"People should not be forced to say or do things they believe are morally wrong,” Health and Human Services Secretary Mike Leavitt, said according to the Washington Post. “Health-care workers should not be forced to provide services that violate their own conscience."
According to the U.S. Department of Health and Human Services' Website, “the Department proposes to include participation in any activity with a reasonable connection to the objectionable procedure, including referrals, training, and other arrangements for offending procedures.”
Opponents of the plan feel that this regulation will limit services necessary for women to make informed choices. According to Cecile Richards, president of Planned Parenthood Federation of America, “The Bush administration's proposed regulation poses a serious threat to women's health care by limiting the rights of patients to receive complete and accurate health information and services. Women's ability to manage their own health care is at risk of being compromised by politics and ideology." This argument, however, seems a bit spurious in light of the fact that such information is readily available online and through a variety of other sources, including the sex education classes that children are subjected to in the public schools.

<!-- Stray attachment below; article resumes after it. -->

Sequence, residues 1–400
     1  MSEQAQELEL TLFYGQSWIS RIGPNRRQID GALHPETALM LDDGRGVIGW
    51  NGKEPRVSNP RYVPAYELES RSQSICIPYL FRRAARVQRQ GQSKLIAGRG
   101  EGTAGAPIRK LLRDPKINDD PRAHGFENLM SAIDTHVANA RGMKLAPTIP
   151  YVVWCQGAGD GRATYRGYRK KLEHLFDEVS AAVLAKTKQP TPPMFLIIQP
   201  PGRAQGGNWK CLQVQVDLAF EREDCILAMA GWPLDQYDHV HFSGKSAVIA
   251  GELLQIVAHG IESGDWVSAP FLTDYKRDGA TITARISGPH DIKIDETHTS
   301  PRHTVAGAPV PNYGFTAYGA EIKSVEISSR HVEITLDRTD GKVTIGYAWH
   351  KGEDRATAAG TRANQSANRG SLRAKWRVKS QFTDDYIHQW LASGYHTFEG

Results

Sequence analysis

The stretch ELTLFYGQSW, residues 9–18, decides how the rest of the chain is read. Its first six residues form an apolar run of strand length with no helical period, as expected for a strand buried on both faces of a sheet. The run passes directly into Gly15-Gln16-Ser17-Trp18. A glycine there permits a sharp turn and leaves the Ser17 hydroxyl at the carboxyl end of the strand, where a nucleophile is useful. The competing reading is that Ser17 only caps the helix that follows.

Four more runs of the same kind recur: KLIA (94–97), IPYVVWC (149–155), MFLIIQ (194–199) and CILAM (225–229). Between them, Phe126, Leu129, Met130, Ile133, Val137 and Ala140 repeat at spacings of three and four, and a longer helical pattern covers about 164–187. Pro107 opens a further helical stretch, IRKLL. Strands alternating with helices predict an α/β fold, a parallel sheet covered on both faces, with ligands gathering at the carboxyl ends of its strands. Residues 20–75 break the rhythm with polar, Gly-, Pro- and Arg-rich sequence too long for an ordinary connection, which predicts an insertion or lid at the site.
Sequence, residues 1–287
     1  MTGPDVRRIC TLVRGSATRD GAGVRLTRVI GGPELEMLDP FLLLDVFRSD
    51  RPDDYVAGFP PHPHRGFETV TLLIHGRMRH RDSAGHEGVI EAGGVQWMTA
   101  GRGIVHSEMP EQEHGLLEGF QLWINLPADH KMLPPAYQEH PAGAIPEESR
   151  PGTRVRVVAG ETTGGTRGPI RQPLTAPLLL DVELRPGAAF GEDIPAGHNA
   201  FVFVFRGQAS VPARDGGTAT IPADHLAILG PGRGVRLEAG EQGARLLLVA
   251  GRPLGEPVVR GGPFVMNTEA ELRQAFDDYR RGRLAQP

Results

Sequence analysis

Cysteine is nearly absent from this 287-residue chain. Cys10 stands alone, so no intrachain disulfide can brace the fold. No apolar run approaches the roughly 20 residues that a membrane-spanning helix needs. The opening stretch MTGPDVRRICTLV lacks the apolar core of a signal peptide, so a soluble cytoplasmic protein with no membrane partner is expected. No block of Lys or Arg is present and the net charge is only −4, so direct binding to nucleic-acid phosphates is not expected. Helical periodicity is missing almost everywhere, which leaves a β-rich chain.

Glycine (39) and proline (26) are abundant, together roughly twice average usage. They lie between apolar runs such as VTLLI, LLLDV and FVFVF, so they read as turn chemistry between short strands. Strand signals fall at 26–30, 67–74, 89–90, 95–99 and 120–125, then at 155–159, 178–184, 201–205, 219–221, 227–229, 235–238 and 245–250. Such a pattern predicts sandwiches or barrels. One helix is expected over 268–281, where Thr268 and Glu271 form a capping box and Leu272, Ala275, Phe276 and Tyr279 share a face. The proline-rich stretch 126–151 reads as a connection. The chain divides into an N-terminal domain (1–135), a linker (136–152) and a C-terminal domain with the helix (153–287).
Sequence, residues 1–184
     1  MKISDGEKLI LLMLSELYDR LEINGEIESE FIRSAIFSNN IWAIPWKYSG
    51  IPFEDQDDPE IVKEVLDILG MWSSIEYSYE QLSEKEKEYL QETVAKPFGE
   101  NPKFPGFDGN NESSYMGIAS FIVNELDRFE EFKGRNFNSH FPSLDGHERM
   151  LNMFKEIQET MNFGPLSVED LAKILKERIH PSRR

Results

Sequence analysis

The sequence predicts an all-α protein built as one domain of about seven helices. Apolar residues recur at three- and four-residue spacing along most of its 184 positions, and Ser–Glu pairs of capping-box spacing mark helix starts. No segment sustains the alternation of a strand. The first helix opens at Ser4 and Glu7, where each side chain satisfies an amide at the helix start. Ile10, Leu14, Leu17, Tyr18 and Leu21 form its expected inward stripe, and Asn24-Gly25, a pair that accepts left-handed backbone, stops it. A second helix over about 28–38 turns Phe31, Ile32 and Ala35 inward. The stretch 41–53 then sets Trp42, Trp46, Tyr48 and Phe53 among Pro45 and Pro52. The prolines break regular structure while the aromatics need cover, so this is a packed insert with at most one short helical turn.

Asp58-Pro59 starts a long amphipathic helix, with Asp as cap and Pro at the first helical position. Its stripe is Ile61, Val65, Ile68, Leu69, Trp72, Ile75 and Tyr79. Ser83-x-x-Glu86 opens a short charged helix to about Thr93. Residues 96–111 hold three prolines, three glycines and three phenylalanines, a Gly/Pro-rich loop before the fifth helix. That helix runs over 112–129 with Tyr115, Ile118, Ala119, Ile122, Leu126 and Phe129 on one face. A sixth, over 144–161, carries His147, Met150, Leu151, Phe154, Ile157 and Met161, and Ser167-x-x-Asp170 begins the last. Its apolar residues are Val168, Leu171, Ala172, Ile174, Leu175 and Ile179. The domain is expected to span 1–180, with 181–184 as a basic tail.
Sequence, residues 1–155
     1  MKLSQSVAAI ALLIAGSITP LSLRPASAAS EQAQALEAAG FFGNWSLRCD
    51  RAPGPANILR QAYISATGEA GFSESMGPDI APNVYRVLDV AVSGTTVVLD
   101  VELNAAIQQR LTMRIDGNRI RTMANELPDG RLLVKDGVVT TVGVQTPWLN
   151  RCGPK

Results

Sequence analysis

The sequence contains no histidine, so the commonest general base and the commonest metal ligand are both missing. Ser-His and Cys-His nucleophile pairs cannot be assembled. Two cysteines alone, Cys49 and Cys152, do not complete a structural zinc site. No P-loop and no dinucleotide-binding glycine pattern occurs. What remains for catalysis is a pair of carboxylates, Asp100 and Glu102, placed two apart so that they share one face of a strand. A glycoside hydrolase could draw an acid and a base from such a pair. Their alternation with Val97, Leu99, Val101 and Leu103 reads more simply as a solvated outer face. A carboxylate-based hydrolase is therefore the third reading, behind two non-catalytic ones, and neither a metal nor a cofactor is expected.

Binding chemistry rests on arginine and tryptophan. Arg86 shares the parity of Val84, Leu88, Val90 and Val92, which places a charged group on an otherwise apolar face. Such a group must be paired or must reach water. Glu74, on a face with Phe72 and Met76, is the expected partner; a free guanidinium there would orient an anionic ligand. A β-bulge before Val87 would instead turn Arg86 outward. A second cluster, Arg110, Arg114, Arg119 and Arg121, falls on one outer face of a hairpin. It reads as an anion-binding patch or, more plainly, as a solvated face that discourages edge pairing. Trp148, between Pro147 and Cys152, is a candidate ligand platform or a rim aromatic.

Pro-abortion groups also claimed that health workers may include “contraception” in the category of abortion, and opt out of providing contraceptives and information about contraceptives. When Leavitt was asked to clarify whether the plan included the various contraceptives, he declared, “There is nothing in this rule that would in any way change a patient's right to a legal procedure."